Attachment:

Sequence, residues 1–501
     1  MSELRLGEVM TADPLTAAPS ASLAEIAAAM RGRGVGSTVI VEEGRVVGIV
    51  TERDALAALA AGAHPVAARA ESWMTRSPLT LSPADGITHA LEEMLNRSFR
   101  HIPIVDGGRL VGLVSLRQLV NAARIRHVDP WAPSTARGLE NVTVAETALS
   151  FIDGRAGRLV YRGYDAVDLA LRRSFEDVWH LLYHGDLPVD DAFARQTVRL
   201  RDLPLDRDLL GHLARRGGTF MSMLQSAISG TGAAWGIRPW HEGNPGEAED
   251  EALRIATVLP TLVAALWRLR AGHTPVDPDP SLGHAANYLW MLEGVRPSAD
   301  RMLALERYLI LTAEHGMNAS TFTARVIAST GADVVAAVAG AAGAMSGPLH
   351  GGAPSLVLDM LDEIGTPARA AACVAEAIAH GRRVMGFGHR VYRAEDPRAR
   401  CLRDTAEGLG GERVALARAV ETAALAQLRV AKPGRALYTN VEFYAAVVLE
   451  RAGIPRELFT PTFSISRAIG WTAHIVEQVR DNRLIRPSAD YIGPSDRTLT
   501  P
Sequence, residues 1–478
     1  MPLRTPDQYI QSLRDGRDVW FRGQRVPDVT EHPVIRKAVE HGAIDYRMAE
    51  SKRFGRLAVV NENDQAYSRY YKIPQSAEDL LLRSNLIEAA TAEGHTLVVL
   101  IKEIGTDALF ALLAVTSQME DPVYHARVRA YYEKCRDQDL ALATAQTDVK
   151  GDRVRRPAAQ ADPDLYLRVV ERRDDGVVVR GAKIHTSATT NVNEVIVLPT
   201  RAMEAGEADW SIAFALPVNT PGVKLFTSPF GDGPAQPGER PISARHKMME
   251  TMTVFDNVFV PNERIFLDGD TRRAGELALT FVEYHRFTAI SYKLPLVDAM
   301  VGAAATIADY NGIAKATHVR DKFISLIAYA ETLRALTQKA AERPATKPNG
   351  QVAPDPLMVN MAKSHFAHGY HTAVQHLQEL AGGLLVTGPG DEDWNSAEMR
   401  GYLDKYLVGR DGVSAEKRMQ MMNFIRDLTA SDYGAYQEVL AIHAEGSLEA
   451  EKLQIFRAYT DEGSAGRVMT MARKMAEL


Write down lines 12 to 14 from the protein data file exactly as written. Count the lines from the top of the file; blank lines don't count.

   501  P
Sequence, residues 1–478
     1  MPLRTPDQYI QSLRDGRDVW FRGQRVPDVT EHPVIRKAVE HGAIDYRMAE